From the beginning of The Lake Report, three years ago next week, one of our goals was to begin to bridge the gap between longtime Niagara-on-the-Lake residents and newcomers.
In our front-page editorial in Issue 1, in May of 2018, we wrote that “The Lake Report intends to quench the thirst for a print newspaper in NOTL. Part of that includes featuring stories about locals, both new and old.”
So it's disappointing to hear from a town survey that people are still feeling discriminated against because they aren't born and bred in town.
Imagine buying a home in Niagara-on-the-Lake because you genuinely want to live in what various surveys have declared one of Canada's “friendliest” towns, only to find your neighbours hold a grudge because you're new, or from Toronto, or Oakville or whatever.
While there is evidence that many complaints to the town are from phones with 416 area codes, it shouldn't paint all Toronto people as griping quidnuncs. Anyone from anywhere can be a jerk of a neighbour. Plus that doesn't mean their complaints are not valid. (And many people who have “come from away” years ago have retained 416 mobile numbers.)
It's not to say you can't or shouldn't be proud to be a longtime, generational NOTL resident — you absolutely should celebrate your heritage and tell stories of how the town was. We publish historical retrospectives every week.
And you can even disagree with the way the town has become a tourism and retirement destination. But what would NOTL be without them?
Newcomers have often heard that they'll never be considered locals unless they were born here or can trace their NOTL bona fides back generations. That quaint joke isn't so funny when you read some of the nasty online comments whenever a newcomer dares question the status quo. Start with bird cannons: The “not-so-friendly” side of NOTL quickly rears its head.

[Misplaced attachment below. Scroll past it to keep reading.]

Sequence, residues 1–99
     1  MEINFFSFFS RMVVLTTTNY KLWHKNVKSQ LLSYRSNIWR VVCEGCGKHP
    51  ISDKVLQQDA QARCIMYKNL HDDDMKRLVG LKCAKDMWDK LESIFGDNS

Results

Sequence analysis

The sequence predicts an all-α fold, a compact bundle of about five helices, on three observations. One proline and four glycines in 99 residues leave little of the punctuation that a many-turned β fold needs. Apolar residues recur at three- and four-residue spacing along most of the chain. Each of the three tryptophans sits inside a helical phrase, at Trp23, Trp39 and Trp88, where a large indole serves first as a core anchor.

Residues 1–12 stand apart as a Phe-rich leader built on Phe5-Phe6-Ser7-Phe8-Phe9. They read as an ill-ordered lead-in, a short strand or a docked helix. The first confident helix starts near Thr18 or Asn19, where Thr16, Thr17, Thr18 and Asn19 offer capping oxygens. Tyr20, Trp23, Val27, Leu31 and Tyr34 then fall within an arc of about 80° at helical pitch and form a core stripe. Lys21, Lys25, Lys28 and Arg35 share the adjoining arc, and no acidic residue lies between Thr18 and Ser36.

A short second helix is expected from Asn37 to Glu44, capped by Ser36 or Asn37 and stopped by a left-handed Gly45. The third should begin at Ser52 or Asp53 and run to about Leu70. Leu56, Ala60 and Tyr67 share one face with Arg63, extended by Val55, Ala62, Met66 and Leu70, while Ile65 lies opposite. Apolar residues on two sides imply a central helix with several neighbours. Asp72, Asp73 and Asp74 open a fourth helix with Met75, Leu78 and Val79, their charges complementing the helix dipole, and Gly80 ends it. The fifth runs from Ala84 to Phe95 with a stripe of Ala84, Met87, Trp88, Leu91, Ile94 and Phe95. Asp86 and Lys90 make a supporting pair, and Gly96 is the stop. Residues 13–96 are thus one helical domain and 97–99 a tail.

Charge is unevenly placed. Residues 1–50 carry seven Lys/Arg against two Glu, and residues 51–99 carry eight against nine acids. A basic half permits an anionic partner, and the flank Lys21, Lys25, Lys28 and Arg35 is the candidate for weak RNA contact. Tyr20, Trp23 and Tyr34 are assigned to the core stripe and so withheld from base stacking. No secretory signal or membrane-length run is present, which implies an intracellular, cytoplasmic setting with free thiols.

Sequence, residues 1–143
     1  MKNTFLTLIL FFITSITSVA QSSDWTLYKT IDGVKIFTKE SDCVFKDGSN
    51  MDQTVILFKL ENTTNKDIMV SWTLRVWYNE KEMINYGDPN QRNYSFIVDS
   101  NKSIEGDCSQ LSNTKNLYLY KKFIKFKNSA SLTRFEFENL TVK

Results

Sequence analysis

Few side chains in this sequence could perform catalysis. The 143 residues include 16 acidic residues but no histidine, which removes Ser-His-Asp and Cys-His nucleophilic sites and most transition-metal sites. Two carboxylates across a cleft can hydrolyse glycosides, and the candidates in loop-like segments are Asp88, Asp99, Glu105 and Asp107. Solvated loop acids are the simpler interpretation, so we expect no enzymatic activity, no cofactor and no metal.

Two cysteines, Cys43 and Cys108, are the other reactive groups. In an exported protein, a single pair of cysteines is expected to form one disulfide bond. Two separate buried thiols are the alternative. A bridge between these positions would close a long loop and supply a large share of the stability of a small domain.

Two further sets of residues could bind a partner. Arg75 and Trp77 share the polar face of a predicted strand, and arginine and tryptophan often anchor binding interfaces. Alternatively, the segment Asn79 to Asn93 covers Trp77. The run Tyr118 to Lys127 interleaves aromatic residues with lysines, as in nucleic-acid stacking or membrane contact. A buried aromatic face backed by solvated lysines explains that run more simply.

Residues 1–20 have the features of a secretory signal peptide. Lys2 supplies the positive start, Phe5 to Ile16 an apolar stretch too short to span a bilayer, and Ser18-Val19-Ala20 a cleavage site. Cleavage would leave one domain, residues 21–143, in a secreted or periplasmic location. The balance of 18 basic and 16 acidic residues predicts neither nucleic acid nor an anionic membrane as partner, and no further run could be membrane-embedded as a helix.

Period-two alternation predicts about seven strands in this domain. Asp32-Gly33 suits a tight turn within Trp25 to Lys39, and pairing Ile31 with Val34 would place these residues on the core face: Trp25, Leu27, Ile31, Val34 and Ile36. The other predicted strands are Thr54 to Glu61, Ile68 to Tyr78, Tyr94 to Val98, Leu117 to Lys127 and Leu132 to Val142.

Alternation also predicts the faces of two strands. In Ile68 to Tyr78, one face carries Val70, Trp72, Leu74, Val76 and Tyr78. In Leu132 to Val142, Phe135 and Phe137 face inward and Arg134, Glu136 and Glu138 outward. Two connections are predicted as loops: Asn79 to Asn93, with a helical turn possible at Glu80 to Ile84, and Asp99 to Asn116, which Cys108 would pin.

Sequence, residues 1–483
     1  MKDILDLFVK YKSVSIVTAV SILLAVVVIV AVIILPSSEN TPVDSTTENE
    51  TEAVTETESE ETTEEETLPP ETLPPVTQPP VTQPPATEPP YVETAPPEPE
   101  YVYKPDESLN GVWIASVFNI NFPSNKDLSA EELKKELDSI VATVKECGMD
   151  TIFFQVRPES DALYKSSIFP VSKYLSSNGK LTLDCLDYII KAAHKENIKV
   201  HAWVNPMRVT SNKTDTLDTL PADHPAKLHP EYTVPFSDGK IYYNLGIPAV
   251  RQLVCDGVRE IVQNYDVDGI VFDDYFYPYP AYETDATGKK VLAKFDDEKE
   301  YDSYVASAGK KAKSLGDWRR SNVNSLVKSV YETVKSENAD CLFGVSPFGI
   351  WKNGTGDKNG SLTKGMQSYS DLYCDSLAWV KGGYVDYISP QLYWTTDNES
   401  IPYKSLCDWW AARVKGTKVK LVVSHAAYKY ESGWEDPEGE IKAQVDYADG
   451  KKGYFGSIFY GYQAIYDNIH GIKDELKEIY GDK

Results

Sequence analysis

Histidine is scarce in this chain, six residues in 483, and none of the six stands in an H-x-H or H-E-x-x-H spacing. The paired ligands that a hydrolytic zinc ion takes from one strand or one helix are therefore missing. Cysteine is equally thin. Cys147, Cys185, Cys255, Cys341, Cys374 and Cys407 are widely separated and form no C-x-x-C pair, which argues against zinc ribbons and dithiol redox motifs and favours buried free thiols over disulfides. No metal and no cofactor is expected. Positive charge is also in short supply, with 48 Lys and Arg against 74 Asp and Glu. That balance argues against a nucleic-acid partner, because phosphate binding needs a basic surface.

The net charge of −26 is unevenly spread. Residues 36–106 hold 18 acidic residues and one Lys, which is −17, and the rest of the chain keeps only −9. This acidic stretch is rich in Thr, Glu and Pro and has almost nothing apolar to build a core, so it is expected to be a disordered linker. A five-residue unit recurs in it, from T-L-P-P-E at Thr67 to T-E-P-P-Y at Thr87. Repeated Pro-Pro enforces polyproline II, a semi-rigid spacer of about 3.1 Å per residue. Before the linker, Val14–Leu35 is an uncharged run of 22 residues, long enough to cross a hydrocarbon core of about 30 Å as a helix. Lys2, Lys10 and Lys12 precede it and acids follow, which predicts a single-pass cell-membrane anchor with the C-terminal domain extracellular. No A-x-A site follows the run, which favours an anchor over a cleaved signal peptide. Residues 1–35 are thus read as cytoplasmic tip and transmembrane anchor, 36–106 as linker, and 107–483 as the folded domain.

A former NOTL councillor once told us that “People move here and want to pull up the drawbridge behind them so no one follows.” (Well, maybe during a pandemic, but that is another issue entirely.)
But don't blame people coming to live here. Blame the real problems that started to hollow out the town and force locals out, like the municipality allowing the short-term rental industry to devastate neighbourhoods and artificially inflate housing prices, or the school board closing the high school so a younger generation lost its ties to NOTL.
The vast majority of NOTL residents are proud to live here, no matter when they arrived, so there's no room for discrimination based on how long someone has been in town.
The world has changed, NOTL has changed. Accept it, because change is a constant in life. Meanwhile, to paraphrase the late Rodney King, “Can't we all get along?”